New EV batteries will half costs and double mileage range

German electronics group Bosch has announced it will have a solid-state battery market ready by 2020 that will half the costs of current batteries while doubling the mileage range.

The new Bosch battery will be significantly lighter and cheaper to manufacture than traditional EV batteries

The new Bosch battery will be significantly lighter and cheaper to manufacture than traditional EV batteries

Bosch believe that its new batteries, which switch out graphite anodes for more practical lithium anodes without the need for any liquid electrolytes, will need no cooling time and be significantly lighter and cheaper to manufacture.

Bosch’s chairman of the board of management Dr. Volkmar Denner said: “Bosch is using its knowledge and considerable financial resources to achieve a breakthrough for electromobility.”

The announcement coincides with Bosch’s purchase of Silicon Valley-based start-up Seeo, which already has samples of this type of battery, which will allow electric vehicles (EVs) to drive double the standard range of current EVs without the use of charging points.

Bosch believes that in Europe, more than a third of all new cars will be electrically powered – the majority as plug-in hybrids - by 2025. Currently, a battery in a Tesla Model S weighs 1,200 pounds and costs $12,000, with a range of 275 miles.

Revving up

Earlier this month, Nissan added a new 30Kwh battery to its flagship Leaf electric vehicle, improving its driving range by 25%. The Leaf, which previously ran on 24Kwh batteries, now has a driving range of 155 miles on a single charge thanks to the improved battery, a world first according to the company.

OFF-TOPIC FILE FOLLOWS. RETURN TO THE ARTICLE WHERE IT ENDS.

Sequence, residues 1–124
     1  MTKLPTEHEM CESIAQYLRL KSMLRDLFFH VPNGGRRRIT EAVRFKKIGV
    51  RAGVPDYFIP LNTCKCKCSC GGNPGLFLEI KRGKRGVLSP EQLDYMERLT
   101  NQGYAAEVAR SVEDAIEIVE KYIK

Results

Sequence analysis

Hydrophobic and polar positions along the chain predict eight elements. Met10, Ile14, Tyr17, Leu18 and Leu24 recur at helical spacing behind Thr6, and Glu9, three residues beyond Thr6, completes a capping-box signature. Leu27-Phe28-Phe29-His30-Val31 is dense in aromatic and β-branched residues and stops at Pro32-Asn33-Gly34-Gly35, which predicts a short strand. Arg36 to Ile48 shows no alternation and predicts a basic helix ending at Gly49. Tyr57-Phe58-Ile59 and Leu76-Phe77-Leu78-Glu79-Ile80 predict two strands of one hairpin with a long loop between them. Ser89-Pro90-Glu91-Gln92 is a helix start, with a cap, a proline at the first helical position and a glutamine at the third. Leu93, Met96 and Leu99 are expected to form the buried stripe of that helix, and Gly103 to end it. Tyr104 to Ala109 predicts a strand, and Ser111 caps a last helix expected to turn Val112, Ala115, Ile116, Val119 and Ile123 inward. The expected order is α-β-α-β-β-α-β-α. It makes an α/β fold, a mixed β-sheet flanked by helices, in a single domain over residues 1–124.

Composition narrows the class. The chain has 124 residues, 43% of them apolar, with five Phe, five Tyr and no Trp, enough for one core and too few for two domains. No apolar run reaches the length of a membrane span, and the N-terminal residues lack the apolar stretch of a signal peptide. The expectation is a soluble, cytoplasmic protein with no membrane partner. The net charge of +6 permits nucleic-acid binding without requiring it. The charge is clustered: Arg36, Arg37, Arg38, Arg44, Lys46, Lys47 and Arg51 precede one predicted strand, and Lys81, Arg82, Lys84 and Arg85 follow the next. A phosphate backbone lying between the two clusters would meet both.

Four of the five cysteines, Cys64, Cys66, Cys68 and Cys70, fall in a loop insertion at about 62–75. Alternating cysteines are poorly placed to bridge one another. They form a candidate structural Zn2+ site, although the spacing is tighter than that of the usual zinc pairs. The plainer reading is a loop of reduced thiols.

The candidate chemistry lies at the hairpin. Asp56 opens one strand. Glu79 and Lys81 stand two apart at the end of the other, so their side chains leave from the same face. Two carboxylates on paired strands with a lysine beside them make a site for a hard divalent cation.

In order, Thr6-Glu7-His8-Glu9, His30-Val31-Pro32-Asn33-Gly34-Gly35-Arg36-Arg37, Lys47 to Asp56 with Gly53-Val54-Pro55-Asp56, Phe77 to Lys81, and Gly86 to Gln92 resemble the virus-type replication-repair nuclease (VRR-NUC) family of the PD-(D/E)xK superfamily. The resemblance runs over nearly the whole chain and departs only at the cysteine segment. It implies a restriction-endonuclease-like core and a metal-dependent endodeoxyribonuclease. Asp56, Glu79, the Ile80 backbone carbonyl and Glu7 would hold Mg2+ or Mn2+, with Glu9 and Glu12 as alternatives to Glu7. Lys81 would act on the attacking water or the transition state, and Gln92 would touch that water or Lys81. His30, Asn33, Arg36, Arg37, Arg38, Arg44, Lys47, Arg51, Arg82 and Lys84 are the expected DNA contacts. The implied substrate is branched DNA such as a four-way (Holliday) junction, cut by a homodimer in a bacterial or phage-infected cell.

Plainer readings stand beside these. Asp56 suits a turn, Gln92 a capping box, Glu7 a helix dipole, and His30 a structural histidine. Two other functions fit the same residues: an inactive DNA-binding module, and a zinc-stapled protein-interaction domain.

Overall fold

Audi has also moved into the EV market, unveiling concept designs for its first all-electric SUV. The company claim the concept car - the Audi e-tron Quattro - would have a battery range of more than 310 miles.

The automotive industry is currently reeling after this week’s revelation that Volkswagen has been rigging the emission tests of its cars by fitting technology designed to reduce emissions during testing. Almost a million tonnes of extra pollution has reportedly been released by VW cars, with the scandal culminating in the resignation of chief executive Martin Winterkorn

Research centre

In other EV battery news this week, UK-based waste management firm Axion Consulting has joined a £14m vehicle battery research project. The project, led by the University of Warwick, aims to create new automotive battery pack manufacturing research centre which will develop innovative batteries for the next generation of electric and hybrid vehicles.

Axion’s role in the project is to manage the recycling and reuse of discarded batteries as well as researching methods to extract valuable metals from any unwanted batteries. The project will supply and collaborate with the likes of Jaguar Land Rover, JCB and Delta Motorsport.

Axion senior engineer Sam Haig said: “There could be potential in the future to extend this type of work to other lithium ion batteries, such as those in laptops and mobile phones.”

Matt Mace


| technology | low carbon | Innovation


Energy efficiency & low-carbon | Technology & innovation
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